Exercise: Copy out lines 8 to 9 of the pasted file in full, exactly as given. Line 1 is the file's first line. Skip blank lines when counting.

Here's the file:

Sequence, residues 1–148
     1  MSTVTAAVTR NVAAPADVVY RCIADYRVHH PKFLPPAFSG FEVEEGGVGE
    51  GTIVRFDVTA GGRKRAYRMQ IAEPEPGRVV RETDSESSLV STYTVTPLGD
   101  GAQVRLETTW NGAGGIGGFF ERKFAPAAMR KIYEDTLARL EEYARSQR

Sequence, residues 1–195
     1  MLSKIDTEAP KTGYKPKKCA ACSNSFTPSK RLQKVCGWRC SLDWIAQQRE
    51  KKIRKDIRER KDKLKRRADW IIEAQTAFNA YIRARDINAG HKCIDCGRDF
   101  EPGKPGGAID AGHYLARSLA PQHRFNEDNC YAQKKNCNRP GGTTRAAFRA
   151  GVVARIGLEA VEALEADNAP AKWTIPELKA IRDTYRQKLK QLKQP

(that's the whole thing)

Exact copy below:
   101  EPGKPGGAID AGHYLARSLA PQHRFNEDNC YAQKKNCNRP GGTTRAAFRA
   151  GVVARIGLEA VEALEADNAP AKWTIPELKA IRDTYRQKLK QLKQP